Rob Bell. It was reported on Good Morning America that Rob Bell, megapastor of Mars Hill Bible Church, asserts that "there is No HELL!". Yes, Rob Bell from Bible Church. This is bound to get things heated up.

In his book "Love Wins" Bell asserts that there are many things in the Jesus story that turns people off, and we don't talk about them, like the concept of Hell and Heaven. Here is an excerpt: "Some communities don't permit open, honest inquiry about the things that matter most. Lots of people have voiced a concern, expressed a doubt, or raised a question, only to be told by their family, church, friends, or tribe: "We don't discuss those things here."

Galileo had similar problems with the Catholic church some few hundred years ago when he blasphemously asserted heresy that it appeared the Earth was not flat (simplified). How dare he question the teachings clearly illustrated in the bible that "heaven is above and hell is below and the world was created and set firmly on a pedastal". (Old Testament paraphrased). The view of the world then was based upon the biblical assertion that it was a three teird universe. Heaven above (the sky), the world (where people lived) and hell was underground (Under the world they lived in). 3 Layers. And it was set upon a pedestal. Now that seems a little strange to us today as we grew up understanding a round earth that rotated around the sun and we have a few scientific details to back that up, say like PICTURES! In Galileo's day, that was not the world view. The Bible said this or that, and that settled it.

But does it?

For many, these questions need answers. Or put another way, maybe not answers but at least need to be asked and honestly addressed. And though these issues are not fundamental to the faith that Christians share, they are stumbling blocks (throwing a little Paulianism in here) for many that they can't get over and hence blocks there pathway to Christ.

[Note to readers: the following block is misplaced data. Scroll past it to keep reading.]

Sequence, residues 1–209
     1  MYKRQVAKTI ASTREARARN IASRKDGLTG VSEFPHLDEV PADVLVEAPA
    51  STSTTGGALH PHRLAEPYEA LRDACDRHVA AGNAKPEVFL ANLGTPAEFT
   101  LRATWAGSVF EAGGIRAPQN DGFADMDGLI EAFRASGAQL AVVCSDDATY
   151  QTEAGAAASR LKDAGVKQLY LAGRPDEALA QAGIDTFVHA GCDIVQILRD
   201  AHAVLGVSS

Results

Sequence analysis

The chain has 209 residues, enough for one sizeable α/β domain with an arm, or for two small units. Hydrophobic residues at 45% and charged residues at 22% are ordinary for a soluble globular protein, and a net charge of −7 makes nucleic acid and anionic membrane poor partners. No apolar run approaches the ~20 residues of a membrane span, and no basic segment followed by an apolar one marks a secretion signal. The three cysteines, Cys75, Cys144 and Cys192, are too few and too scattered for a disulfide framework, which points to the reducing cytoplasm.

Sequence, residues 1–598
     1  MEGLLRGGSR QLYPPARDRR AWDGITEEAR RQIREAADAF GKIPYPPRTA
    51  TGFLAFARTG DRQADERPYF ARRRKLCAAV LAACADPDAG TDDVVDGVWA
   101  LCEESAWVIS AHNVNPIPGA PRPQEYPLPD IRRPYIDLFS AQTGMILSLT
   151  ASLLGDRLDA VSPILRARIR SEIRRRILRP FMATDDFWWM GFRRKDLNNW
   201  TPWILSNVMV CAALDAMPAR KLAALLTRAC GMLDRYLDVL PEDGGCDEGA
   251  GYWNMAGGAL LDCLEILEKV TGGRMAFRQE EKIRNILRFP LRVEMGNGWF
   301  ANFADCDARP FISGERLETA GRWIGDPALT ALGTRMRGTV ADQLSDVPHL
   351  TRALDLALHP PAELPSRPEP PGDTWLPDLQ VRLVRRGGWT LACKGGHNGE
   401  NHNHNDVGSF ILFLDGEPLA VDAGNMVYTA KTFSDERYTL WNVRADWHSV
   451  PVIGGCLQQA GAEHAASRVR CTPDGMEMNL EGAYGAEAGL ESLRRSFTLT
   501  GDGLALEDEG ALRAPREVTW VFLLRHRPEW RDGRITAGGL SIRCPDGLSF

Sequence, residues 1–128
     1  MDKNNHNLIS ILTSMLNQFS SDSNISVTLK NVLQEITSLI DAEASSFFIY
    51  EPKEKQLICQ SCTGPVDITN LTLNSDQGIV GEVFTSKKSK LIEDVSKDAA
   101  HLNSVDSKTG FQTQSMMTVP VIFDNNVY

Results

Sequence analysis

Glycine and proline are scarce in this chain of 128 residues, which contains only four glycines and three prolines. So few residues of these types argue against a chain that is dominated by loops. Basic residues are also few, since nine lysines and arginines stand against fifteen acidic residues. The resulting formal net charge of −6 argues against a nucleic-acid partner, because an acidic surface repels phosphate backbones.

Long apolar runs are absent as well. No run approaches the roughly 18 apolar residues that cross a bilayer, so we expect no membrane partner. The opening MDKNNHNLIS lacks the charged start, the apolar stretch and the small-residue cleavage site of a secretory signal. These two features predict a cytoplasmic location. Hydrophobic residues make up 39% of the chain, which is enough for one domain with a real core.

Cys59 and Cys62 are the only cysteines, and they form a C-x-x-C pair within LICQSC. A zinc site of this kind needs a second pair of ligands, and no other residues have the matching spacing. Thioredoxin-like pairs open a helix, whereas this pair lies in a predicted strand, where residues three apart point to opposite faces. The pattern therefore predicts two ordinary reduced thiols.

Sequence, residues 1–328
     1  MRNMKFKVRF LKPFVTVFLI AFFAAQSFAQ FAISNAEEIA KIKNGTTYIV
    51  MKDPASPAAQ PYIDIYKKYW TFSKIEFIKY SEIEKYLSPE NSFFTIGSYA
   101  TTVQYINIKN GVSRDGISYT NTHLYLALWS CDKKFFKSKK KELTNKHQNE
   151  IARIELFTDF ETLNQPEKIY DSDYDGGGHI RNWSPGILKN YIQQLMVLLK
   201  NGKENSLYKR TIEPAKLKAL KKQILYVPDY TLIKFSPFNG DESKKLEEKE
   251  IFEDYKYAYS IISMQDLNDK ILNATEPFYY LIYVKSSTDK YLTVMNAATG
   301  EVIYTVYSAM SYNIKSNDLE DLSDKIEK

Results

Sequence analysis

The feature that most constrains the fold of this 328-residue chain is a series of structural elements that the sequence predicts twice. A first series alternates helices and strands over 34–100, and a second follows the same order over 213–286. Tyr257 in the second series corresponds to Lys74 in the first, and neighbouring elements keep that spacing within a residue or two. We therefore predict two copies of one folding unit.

So why do we go to great lengths to defend the truth even its wrong? Or if not wrong at least not clear? I assume there are many reasons. If you have things totally figured out, then questioning those things will mess up your tidy little doctrinal world. If you find that there are things your faith denomination told you all these years that just don't hold up under scrutiny any longer, does that spead so much doubt for you that you throw the baby out with the bathwater? I think some believe it will.

I love to ask questions. I love to engage others who share this same fascination and who try to become closer to God by understanding. And by honestly talking about these stuff I come to a better understanding. However, there are some people I just can't talk to. Okay, maybe I mean they can't honestly talk with me. Or you. They are too busy defending there tribe's knowledge. I have tried several times over and over to engage in dialogue with these, for lack of a better word, evangelicals (its predominate in a certain denomination in the Southern United States), and have been met with contempt and hostility. The conversation on my part begins with a question that I would like to hear their point of view on, hence a discussion, and quickly turns into a defensive diatribe on their end or an absolute that "cannot be questioned" because it is in the bible. Enter Galilieo. Enter Rob Bell. Enter hundreds of thousands of us, believers and non-believers alike.